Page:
Trudy Harrison, Copeland MP, said “Local Government in Cumbria was last reorganised in 1974 and it is clear that the system needed to be modernised to promote clearer areas of responsibilities, accountability and transparency.
“Residents will benefit from their hard-earned council tax being spent more efficiently and at best possible value.
“I welcome these changes that dovetails into the governments levelling up and devolution agenda and will create an authority with a strong, single and focused voice.”
John Stevenson, Carlisle MP, said: “This is a very welcome announcement and has the potential to transform how Cumbria works for years to come.
“It is also the foundation for a devolution deal for Cumbria which is the real opportunity to truly change our county in a positive and beneficial way. I look forward to working with my fellow MPs and local political leaders to make this happen.”
However, Penrith and the Border Conservative MP Neil Hudson said he was disappointed by the announcement.
He said: “I am deeply disappointed that this decision has been made. As we are coming through the pandemic, I do not believe this is the time to be even contemplating radical re-structuring of local government, which across Cumbria has put in a Herculean effort supporting people through this crisis.
“I had said that if this did have to go ahead my preference was with the Eden and Carlisle submission of a north-south structure rather than the east-west split we are now faced with.
“We now have to make the best of this disappointing decision and I will work with central and local government on a constructive cross-party basis to try to secure the best outcome for folk right across our county.”
‘We’re in the middle of a pandemic’
But Tim Farron, MP for Westmorland and Lonsdale, said: “It speaks volumes about how little the Conservatives care about Cumbria that in the middle of a pandemic, when we’re trying to get the economy back on track they decide to force on us a full-blown reorganisation of our local councils.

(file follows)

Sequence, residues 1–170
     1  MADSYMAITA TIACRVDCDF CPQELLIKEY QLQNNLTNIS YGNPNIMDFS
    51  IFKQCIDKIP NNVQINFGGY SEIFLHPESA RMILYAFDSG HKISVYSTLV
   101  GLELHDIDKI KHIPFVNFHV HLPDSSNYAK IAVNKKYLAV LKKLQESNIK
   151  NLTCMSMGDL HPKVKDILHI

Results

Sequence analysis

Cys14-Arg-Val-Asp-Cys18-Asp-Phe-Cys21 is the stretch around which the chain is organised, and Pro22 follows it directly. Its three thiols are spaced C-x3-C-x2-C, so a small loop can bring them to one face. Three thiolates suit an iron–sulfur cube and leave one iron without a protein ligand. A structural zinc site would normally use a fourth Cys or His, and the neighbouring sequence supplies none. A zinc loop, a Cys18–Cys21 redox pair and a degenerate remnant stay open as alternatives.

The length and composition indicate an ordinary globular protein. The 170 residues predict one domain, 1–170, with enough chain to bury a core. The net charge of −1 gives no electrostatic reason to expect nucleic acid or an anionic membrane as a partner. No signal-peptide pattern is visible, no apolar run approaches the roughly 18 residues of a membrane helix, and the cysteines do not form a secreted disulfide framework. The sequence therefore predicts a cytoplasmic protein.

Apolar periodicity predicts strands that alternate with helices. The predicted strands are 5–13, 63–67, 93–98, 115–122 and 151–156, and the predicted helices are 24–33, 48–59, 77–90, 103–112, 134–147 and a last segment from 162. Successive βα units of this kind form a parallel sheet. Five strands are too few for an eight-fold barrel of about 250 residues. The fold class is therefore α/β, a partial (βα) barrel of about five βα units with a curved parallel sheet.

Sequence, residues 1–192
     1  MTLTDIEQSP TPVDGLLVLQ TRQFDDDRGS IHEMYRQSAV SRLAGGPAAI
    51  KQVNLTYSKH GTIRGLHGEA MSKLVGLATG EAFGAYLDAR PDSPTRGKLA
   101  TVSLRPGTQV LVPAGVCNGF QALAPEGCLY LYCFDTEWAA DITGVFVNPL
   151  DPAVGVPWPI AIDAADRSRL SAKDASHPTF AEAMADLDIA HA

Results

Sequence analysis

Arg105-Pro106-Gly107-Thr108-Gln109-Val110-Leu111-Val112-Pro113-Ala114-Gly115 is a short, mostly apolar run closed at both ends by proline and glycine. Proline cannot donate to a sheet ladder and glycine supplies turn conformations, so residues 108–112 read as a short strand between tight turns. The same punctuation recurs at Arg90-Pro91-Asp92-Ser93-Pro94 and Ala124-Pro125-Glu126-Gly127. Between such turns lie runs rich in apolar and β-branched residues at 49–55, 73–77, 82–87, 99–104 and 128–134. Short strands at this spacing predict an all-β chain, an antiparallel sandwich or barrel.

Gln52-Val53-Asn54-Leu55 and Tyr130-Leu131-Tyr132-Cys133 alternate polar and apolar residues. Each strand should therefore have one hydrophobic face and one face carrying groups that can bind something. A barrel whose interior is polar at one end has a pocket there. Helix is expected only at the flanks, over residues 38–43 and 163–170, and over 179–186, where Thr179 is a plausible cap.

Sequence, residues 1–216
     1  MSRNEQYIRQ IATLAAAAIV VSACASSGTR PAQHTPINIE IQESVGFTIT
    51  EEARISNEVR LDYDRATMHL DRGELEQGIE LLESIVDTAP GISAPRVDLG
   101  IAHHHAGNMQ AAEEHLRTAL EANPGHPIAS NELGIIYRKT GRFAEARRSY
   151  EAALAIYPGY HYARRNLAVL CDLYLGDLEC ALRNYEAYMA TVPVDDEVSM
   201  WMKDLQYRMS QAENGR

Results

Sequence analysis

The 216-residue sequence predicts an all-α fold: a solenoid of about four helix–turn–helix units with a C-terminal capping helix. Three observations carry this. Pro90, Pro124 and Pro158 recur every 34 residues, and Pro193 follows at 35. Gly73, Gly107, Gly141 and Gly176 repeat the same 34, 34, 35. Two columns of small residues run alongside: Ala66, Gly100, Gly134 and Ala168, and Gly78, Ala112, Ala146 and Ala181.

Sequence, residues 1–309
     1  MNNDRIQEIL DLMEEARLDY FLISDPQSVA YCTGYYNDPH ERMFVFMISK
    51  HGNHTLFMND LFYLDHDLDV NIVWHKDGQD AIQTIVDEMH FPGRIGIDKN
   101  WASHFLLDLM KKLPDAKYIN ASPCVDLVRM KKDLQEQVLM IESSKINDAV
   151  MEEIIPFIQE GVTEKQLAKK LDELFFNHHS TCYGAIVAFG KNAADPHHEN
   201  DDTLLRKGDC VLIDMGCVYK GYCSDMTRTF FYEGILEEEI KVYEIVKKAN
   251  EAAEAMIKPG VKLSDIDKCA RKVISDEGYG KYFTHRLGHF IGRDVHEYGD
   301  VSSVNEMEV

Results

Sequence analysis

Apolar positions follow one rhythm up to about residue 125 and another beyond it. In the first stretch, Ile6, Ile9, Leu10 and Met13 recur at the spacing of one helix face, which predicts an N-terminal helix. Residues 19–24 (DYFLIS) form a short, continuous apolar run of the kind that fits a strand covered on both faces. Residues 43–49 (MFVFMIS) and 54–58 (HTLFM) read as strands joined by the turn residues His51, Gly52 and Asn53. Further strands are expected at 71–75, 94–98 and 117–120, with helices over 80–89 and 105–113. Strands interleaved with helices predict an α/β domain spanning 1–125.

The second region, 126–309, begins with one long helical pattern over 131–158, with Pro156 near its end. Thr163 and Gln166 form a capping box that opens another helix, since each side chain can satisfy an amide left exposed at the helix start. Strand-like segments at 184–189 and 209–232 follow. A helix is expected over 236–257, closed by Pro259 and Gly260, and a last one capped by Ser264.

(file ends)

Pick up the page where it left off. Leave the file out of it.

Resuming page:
“But as these new councils start to take shape, Liberal Democrats in Cumbria will be committed to making sure that these new authorities are totally focused on the big issues that matter to local people like affordable housing, social care and the environment, as well as continuing to work hard and serving local residents all year round.”
Four options for reorganisation
Following consultations, the authorities in Cumbria put forward four options for the Government to consider for local government reorganisation.
Four proposals for Cumbria were put out for consultation:
- Barrow, South Lakeland and Lancaster jointly submitted a proposal for two unitary councils: The Bay comprising the area covered by Barrow Borough, South Lakeland District and Lancaster City Councils and North Cumbria, comprising the area covered by Allerdale Borough, Carlisle City, Copeland Borough and Eden District Councils.
- Allerdale and Copeland jointly submitted a proposal for two unitary councils: West Cumbria comprising the area covered by Allerdale Borough, Carlisle City and Copeland Borough Councils and East Cumbria, comprising the area covered by Barrow Borough, Eden District and South Lakeland District Councils.
- Carlisle and Eden jointly submitted a proposal for two unitary councils: North Cumbria, comprising the area covered by Allerdale Borough, Carlisle City and Eden District Councils and ‘South Cumbria’ comprising the area covered by Barrow Borough, Copeland Borough and South Lakeland District Councils.
- Cumbria County Council submitted a proposal for a single unitary council covering the county area of Cumbria – One Cumbria.